"Symphonic Variations", "RAkU", "Symphony in C"
San Francisco Ballet
War Memorial Opera House
San Francisco, CA
February 3, 2011
By Rita Felciano
Copyright © Rita Felciano, 2011
San Francisco Ballet's second program offered two masterpieces of high style and a premiere that aimed for such but came up short. Much anticipated as Yuri Possokhov's "RAkU" was, the thirty-five minute dance drama ultimately tumbled into histrionics though it provided a thankful vehicle for dancer actress Yuan Yuan Tan. What elicited admiration was Possokhov's dramatic movement language that is strongly expressionistic yet embedded within constraints similar to those seen in Japanese No and Kabuki Theater. He seemed to be pushing against classical demands quite unlike Ballet's but just as stringent. I just wish that the piece had convinced more.
Possokhov built his 12th work for SFB around two contrasting duets, both involving male power. Dropping their kimonos and stepping out of a tight enclosure, the pas de deux for Tan and Smith becomes an epic struggle of churning and kicking limbs. Smith yanks, twirls and pushes his bride into submission through a series of confrontations, precarious lifts and precipitous falls that culminate in her throwing herself at him yet opening herself like a blossom. With huge planted stances, giant strides and powerful arms, Smith was every bit the warrior hero, looking about twice the size of his given body. Possokhov also drew out of Tan that wondrous ability to simultaneously look fierce and fragile.
We first see the black-clad, bald-headed Molat, almost like a passing shadow when he twirls, dives and somersaults across the stage into the wings. As a jealous would-be suitor, he slinks around corners and spys on the lovers -- a melodrama's villain. Yet pursuing Tan, who at first just senses his threatening presence, he grows into a deadly menace. Intriguingly here, composer Shinji Eshima introduces disembodied voices (courtesy of the San Francisco Zen Center) into an otherwise bland score. Twisting Tan legs as if to break them, forcing her head down his back, attempting to choke her, Molat finally flattens the distraught woman above him against a wall. She was to be his trophy.
A series of martial arts inspired dances for the soldiers made extensive use of the torso. Varied as they were, they looked challenging and hopefully of interest to the four dancers.
After the conflagration (excellent scenic and projection design by Alexander V. Nichols), cowering over her urn, I so much did not want Tan open it throw the ashes over herself, yet she did. She also tore her hair and squirmed in extended agony until she finally collapsed under some falling snow (or, perhaps cherry blossoms). It was a bravura performance and I couldn't begrudge Tan the audience's standing ovation. She had worked for it.
The rest of the program was dance at its more refined. Ashton's "Symphonic Variations" received a good though not stellar performance with four of the six dancers (Maria Kotchekova, Frances Chung, Dana Genshaft, Isaac Hernandez) doing their parts for the first time. (Gennadi Nedvigin and Jaime Garcia Castilla performed in the San Francisco premiere in 2004). It was appropriate that Kotchekova and Nedvigin, both fine stylists, danced the center couple. Kotchekova practically threw herself in and out of those lifts. Some of the women's neck in the uplifted, far away glances, however, looked absurdly stiff.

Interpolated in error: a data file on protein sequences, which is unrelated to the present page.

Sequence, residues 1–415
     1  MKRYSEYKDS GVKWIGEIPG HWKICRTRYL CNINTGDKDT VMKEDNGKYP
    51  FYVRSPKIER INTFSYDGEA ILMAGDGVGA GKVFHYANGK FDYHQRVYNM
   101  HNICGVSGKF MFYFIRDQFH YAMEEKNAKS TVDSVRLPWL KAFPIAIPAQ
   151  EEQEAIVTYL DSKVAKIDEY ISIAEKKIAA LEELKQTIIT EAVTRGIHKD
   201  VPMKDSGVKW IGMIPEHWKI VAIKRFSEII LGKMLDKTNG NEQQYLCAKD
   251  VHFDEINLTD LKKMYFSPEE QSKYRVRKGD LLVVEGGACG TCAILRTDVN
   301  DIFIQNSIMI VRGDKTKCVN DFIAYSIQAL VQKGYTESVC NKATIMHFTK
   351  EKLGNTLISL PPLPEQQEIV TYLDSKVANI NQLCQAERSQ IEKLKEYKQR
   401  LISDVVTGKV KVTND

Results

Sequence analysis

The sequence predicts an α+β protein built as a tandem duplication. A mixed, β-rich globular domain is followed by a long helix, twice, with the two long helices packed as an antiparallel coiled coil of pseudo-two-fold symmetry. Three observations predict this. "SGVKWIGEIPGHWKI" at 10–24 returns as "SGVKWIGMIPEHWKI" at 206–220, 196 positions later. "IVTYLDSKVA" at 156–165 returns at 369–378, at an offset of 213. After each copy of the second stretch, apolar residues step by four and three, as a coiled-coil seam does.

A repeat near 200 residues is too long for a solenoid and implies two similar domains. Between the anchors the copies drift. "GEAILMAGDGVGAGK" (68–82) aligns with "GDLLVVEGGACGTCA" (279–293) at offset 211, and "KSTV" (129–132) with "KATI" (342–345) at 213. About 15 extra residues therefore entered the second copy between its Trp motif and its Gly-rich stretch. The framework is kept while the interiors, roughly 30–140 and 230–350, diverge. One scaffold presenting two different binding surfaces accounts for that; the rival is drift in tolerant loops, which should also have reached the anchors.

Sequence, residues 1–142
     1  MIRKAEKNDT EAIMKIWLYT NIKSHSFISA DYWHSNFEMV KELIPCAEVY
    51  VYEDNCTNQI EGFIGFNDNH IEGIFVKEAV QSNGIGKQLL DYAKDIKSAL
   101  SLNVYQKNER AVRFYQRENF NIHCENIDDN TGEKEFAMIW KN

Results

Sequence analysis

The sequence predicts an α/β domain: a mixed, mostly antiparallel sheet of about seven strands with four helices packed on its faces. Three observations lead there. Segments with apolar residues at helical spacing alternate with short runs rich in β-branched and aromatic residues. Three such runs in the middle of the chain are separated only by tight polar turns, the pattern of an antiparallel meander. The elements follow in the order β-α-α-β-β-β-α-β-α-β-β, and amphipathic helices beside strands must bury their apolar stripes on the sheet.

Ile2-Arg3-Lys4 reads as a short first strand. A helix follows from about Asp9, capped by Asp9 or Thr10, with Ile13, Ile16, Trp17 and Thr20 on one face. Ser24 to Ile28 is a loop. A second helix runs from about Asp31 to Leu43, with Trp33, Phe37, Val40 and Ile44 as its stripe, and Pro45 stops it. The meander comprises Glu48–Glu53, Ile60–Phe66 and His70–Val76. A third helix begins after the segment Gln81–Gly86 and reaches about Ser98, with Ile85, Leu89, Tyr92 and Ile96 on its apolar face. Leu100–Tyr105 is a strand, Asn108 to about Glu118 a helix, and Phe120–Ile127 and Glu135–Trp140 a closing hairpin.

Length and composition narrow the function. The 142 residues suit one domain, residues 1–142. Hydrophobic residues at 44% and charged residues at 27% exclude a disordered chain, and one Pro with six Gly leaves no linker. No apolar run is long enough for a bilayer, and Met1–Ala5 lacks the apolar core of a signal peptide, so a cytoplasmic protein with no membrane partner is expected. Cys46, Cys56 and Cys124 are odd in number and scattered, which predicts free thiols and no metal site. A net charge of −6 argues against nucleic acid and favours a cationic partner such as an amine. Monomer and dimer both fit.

Apparently, in England the ballet is considered as very much of its time--something to do with its being the first work Ashton made after the war. To these eyes "Symphonic" is as pristine and up-to-date as anything created since. It's a ballet about movement and stillness, about isolation and connection, about transparency and mystery. It's setting could be Greece or a drawing board. The unison duet for two women recalled Nijinska's "Les Biches." Much of the choreography looks so simple--the way Ashton used the alternation between the piano and the orchestra, the open hands gestures, the high passés, the invisible threads that tied the women to a single pulse, the four cornerstones anchoring the action, yet what refinement he demanded of those tasks.
Balanchine choreographed "Symphony in C" barely a year after Ashton did his ballet. They make good companion pieces, one for the still modest London, the other for a glamorous Parisian company. SFB has been performing it since 1961 so this was familiar fare. "Symphony" makes you smile; at times I want to laugh out loud at the spitfire exuberance, particularly because the corps -- and they danced with absolue authority -- raises the ante with every entry, every variation on line and circle patterns until you think it can't go on. I have also wondered whether Balanchine had gone to see the Folie Bergere while working on "Symphony in C".
This performance offered a new insight into both Tiit Helimets and Sofiane Sylve who danced the second movement. Helimets, always a fine technician, these days infuses his virtuosity with uncommon warmth and a new openness of spirit. When Sylve gently unfolded her limbs, he held her securely but gently, as if in awe of her. Sylve often gets cast in power roles; so this casting was a welcome surprise. She revealed herself as also a lovely adagio ballerina. For the other movements, Vanessa Zahorian (with Castilla) started the ballet with a youthfully assertive stride; Sarah Van Patten (with Hansuke Yamamoto) rallied the troupes for the finale, and Frances Chung partnered young Taras Domitro -- flying through his leaps -- in the Scherzo.